It’s one of those medicines that was ubiquitous one decade and irrelevant the next. Whatever it did, a dozen others have come along and shouldered it aside.

But are they better than Alka-Seltzer? Don’t know; I’m unsure of any malady I had that was ever cured by Alka-Seltzer. You had a headache, you took an aspirin. You had a cold, you took Nyquil. Alka-Seltzer was useful for bringing up wind, or for giving you something to throw up, I suppose.

It was introduced in 1931. The Alka part may have been new, but people have been chugging down headache remedies named“-seltzer” for decades, in the form of Bromo-Seltzer. The success of Alka-Seltzer can be measured thus: never read a story or saw a movie where a guy sat down at a New York lunch counter and asked for an Alka. It’s always “gimme a Bromo.”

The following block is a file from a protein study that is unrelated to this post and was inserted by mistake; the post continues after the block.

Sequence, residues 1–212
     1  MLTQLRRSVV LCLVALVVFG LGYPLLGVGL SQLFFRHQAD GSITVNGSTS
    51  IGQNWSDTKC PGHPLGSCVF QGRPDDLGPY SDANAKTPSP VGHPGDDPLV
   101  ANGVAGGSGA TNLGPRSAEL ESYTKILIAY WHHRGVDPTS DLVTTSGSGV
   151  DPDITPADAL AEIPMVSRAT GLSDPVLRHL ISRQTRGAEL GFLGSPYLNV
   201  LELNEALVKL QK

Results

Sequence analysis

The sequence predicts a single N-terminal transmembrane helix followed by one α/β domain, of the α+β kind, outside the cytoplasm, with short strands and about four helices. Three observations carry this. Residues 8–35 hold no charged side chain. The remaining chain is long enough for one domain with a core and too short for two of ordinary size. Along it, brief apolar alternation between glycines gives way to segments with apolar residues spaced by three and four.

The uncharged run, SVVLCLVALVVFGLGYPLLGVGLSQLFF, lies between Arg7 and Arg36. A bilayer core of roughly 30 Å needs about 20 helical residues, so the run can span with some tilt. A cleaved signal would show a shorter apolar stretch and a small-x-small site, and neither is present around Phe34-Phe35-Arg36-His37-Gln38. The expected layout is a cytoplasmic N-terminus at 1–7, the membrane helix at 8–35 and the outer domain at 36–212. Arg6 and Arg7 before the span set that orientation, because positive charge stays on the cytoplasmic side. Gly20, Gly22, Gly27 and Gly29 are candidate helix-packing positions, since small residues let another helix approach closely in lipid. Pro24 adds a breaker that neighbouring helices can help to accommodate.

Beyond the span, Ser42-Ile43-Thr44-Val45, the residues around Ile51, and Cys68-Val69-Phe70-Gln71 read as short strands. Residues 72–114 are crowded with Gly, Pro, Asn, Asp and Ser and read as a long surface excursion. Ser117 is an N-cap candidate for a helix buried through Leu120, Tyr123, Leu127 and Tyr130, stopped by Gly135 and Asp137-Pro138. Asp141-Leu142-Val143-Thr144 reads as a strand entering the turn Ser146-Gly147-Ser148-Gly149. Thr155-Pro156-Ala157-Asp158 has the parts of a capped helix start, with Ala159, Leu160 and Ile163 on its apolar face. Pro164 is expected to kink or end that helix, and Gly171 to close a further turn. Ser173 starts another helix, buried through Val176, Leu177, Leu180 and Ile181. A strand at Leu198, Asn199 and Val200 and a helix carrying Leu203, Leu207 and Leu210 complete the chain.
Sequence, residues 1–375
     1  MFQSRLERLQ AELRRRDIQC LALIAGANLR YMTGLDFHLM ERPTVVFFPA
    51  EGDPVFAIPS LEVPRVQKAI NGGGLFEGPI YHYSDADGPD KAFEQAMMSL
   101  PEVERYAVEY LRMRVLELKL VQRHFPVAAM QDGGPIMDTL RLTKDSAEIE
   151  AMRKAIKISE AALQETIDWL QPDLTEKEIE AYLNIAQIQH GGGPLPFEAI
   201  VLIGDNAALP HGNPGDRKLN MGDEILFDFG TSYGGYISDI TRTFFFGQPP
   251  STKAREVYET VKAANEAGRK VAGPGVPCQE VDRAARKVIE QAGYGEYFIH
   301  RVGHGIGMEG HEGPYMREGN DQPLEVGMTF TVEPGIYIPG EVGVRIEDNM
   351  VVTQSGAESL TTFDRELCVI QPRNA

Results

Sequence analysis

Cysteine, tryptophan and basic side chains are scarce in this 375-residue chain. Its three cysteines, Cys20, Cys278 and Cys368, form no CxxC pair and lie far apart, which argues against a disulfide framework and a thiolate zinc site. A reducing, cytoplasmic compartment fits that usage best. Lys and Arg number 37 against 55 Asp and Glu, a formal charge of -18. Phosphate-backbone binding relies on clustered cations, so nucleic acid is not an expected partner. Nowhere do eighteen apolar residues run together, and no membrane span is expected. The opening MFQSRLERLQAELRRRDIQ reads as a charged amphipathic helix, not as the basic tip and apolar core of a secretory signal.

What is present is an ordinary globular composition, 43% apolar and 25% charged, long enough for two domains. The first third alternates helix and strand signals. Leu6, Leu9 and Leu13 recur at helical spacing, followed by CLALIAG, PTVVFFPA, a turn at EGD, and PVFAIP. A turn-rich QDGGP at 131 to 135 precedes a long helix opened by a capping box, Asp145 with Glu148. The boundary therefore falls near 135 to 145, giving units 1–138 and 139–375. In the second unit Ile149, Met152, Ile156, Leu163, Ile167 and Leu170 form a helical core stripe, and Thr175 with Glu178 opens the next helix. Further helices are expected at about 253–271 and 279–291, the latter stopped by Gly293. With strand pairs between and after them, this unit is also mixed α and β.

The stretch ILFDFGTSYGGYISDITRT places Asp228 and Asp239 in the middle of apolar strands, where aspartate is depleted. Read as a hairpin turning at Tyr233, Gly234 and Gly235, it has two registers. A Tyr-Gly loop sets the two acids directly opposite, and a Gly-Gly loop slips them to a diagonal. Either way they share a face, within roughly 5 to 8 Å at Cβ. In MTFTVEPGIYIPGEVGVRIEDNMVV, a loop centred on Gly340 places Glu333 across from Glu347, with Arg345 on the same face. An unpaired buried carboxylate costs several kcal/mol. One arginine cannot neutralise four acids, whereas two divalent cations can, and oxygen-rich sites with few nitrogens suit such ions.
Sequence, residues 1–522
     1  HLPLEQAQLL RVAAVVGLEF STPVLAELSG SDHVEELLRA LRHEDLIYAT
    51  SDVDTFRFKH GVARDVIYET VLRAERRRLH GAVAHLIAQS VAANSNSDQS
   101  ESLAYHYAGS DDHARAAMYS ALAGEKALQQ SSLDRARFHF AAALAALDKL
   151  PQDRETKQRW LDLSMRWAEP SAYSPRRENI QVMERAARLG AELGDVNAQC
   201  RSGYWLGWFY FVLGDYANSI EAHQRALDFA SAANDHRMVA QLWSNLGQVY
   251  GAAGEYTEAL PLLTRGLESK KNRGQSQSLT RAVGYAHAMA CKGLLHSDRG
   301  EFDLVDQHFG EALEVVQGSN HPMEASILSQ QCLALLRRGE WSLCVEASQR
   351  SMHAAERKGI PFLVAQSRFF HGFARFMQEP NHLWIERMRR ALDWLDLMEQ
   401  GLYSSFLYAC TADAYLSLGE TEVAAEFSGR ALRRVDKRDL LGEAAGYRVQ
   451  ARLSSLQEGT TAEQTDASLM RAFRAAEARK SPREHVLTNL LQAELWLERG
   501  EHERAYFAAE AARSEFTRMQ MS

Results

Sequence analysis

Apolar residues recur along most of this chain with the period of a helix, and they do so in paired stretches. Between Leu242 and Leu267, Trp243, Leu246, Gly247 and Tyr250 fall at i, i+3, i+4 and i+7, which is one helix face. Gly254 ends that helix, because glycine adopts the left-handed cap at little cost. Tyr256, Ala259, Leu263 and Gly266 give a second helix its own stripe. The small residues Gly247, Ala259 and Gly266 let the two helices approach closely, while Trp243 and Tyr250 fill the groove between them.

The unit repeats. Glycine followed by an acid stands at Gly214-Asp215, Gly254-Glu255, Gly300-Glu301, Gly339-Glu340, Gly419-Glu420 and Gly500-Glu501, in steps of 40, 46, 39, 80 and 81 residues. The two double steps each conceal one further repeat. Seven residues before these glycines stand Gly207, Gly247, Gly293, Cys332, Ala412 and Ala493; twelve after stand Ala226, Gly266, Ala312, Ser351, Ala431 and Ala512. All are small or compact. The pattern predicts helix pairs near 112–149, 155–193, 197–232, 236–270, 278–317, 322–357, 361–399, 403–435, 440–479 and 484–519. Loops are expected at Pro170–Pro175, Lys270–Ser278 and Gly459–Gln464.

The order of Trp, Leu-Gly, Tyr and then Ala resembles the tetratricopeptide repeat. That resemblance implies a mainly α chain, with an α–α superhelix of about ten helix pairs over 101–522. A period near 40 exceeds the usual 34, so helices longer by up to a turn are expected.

The yellow line refers to the citric acid flavor, perhaps. The blues were considered medicinal hues, I think. Alka may have been engaged in trademark piggybacking here, since Bromo-Seltzer was also known for its blue bottles. A replica of one such bottle sat atop the Bromo Tower in Baltimore for years. Needless to say, it revolved. I love America.

Some Alka ads here and here. Again, it’s a rather nonspecific pitch, other than “feel like crap? Here. Drink this.”